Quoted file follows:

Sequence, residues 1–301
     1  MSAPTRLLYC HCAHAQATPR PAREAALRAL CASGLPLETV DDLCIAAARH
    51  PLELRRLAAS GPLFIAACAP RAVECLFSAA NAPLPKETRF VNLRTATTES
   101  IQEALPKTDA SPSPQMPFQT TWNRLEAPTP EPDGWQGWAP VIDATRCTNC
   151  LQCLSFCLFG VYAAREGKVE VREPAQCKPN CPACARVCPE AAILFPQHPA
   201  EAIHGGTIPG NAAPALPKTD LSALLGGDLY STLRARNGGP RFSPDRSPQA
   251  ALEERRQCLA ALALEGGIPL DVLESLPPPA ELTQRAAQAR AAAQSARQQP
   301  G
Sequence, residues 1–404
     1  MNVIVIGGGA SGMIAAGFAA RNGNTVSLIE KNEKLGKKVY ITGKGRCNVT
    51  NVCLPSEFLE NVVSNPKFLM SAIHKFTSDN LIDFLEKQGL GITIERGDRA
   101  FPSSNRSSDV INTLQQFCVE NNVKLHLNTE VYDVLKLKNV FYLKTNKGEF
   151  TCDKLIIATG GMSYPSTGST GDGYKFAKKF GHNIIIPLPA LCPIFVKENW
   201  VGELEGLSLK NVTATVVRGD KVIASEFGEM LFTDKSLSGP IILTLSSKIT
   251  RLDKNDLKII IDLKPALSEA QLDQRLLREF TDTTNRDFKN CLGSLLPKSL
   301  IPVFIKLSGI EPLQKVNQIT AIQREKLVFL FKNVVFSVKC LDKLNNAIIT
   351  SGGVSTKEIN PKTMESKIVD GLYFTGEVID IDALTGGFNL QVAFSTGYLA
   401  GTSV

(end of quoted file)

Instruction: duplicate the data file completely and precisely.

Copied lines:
Sequence, residues 1–301
     1  MSAPTRLLYC HCAHAQATPR PAREAALRAL CASGLPLETV DDLCIAAARH
    51  PLELRRLAAS GPLFIAACAP RAVECLFSAA NAPLPKETRF VNLRTATTES
   101  IQEALPKTDA SPSPQMPFQT TWNRLEAPTP EPDGWQGWAP VIDATRCTNC
   151  LQCLSFCLFG VYAAREGKVE VREPAQCKPN CPACARVCPE AAILFPQHPA
   201  EAIHGGTIPG NAAPALPKTD LSALLGGDLY STLRARNGGP RFSPDRSPQA
   251  ALEERRQCLA ALALEGGIPL DVLESLPPPA ELTQRAAQAR AAAQSARQQP
   301  G
Sequence, residues 1–404
     1  MNVIVIGGGA SGMIAAGFAA RNGNTVSLIE KNEKLGKKVY ITGKGRCNVT
    51  NVCLPSEFLE NVVSNPKFLM SAIHKFTSDN LIDFLEKQGL GITIERGDRA
   101  FPSSNRSSDV INTLQQFCVE NNVKLHLNTE VYDVLKLKNV FYLKTNKGEF
   151  TCDKLIIATG GMSYPSTGST GDGYKFAKKF GHNIIIPLPA LCPIFVKENW
   201  VGELEGLSLK NVTATVVRGD KVIASEFGEM LFTDKSLSGP IILTLSSKIT
   251  RLDKNDLKII IDLKPALSEA QLDQRLLREF TDTTNRDFKN CLGSLLPKSL
   301  IPVFIKLSGI EPLQKVNQIT AIQREKLVFL FKNVVFSVKC LDKLNNAIIT
   351  SGGVSTKEIN PKTMESKIVD GLYFTGEVID IDALTGGFNL QVAFSTGYLA
   401  GTSV